Billund

Centrally located on the mainland of Denmark, Billund is perhaps most famous as the birthplace of LEGO...

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... and the home of the original LEGOLAND park theme park. But there's more to the city than plastic bricks and pirate ships. Take a road trip out of town to discover the bleak beauty of the Jutland peninsula, with its powdery sand beaches, vibrant port towns and ancient heathlands, and return home telling tales of Viking rune-stones, ancient kings and fascinating wartime history.

Arriving at Billund Airport

Billund International Airport is the second largest in Denmark and serves a wide range of domestic and international routes. With only one terminal, the airport is relatively easy to navigate, and the public transport connections are good too. Buses run from outside the terminal to train stations in Vejle, Give, Esbjerg, Skanderborg and Aarhus – and of course to Billund itself, which is only a few kilometres away.

Onward travel is even easier between June and August, when a free shuttle bus runs regularly between the airport, the city centre and Billund’s main attractions. LEGOLAND is also served by route 384, which leaves the airport every hour on the hour and stops at the LEGOLAND Holiday Village and Hotel LEGOLAND, before continuing to the city centre.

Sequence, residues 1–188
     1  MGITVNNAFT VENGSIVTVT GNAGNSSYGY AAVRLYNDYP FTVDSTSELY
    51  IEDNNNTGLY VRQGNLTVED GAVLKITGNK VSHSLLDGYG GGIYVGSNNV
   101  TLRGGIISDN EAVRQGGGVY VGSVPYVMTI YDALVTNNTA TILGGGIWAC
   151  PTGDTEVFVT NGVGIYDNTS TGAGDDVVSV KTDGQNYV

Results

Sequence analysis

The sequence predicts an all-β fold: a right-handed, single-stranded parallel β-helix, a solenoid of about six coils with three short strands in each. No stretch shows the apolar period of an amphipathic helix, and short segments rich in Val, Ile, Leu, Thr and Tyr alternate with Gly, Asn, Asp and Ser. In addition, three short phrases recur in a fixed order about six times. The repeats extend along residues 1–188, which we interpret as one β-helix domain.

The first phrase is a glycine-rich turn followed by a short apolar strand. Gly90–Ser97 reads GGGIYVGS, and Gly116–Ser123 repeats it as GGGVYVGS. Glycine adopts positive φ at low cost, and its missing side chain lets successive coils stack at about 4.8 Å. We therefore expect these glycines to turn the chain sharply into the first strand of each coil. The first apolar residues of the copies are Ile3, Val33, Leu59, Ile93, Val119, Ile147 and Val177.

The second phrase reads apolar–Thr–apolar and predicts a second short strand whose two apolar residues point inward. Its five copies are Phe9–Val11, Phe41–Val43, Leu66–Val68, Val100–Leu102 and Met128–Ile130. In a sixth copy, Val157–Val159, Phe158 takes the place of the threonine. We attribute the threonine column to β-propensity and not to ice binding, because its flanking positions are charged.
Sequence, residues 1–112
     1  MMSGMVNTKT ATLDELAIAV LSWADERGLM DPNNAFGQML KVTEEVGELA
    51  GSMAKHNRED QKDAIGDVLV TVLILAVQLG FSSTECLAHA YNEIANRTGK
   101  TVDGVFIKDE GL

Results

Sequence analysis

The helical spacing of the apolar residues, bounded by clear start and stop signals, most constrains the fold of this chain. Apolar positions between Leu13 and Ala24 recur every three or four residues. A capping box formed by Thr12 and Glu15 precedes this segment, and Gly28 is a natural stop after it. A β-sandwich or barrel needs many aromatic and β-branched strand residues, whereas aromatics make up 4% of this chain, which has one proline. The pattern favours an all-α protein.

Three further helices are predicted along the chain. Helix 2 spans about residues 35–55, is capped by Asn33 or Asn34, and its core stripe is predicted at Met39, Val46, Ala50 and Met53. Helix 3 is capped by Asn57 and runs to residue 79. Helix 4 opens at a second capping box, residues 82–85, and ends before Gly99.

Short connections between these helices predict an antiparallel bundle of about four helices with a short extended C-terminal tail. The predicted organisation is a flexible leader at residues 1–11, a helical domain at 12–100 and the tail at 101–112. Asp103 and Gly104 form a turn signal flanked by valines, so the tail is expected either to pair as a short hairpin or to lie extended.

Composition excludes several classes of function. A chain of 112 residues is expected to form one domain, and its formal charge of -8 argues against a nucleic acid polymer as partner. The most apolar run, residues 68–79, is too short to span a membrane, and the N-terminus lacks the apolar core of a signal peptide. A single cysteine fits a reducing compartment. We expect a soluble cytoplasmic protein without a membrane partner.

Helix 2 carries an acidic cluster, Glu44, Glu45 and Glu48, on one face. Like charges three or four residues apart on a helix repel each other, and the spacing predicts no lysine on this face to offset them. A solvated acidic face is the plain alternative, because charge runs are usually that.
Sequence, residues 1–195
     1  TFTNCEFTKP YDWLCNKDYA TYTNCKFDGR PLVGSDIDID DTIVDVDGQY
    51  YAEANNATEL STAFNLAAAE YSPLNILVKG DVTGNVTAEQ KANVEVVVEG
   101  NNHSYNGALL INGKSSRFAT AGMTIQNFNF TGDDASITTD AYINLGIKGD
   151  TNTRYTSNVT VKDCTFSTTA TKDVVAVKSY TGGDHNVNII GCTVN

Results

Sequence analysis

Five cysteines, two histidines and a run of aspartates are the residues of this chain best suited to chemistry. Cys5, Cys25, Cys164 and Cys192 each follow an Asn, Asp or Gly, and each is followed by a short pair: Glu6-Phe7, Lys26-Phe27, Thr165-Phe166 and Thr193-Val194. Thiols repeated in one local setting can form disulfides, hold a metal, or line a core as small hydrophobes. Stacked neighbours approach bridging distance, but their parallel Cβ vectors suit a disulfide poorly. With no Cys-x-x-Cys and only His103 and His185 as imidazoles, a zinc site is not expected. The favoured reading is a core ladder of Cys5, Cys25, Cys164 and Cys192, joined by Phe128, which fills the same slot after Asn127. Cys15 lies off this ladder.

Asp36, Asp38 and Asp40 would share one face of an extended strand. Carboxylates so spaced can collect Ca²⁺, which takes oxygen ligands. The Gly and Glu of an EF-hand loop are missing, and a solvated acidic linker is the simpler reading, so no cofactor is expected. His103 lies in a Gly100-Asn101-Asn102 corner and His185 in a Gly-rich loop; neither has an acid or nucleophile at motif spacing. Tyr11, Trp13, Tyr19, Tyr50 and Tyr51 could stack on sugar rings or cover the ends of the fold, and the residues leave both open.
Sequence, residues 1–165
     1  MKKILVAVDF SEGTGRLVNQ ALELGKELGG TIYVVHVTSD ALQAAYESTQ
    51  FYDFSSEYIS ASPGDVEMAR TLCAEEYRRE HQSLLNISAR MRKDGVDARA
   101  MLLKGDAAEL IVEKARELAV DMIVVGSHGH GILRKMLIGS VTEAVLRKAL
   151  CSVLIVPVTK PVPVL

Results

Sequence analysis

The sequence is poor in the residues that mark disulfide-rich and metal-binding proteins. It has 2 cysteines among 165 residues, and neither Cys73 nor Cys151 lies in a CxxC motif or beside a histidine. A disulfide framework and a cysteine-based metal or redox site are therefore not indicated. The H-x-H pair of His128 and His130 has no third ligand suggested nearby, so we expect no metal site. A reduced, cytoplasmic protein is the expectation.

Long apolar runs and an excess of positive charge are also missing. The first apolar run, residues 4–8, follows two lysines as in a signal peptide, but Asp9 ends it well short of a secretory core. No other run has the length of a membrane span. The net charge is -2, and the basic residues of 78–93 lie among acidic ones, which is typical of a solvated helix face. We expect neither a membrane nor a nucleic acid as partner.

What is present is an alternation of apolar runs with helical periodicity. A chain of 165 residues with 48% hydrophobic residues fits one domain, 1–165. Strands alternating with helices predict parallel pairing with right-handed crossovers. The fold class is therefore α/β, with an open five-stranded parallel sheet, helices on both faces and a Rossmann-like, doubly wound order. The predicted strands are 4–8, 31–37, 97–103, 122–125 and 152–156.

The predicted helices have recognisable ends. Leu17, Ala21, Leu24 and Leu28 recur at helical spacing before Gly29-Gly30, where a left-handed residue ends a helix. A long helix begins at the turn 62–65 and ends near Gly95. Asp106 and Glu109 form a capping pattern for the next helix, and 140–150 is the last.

Outside of peak season, many visitors opt to hire a car, and there are a number of international agencies stationed at the airport, including Avis, Budget, Hertz, Europcar, and Sixt. Taxis are also readily available outside the terminal building, but this is Denmark, so be prepared for high prices.

Nightlife

As with dining, Billund size is something of a limitation here, but you'll find a few bars and nightclubs within the confines of the higher-end local hotels.

If you really want to let your hair down, it’s best to travel out to Vejle, a slightly buzzier city that is home to several nightclubs and the lively Crazy Daisy complex. The popular nightclub, located at Noerregade 65, pumps out a mixtures of genres – from retro kitsch to contemporary pop – and draws in large and varied crowds.

Nestled in a charming old Danish building, the bar at Jelling Kro is also popular with tourists who like its authentic setting and relaxed atmosphere, while Vaeksthuset i Torvehallerne, housed inside the Svanen hotel, is frequented by a younger crowds (and has live bands on weekends). It's decked out with wooden tables and snazzy Italian furniture. Prices can be slightly on the high side, but Svanen has a good mix of fine local and international wine and spirits to take the edge off.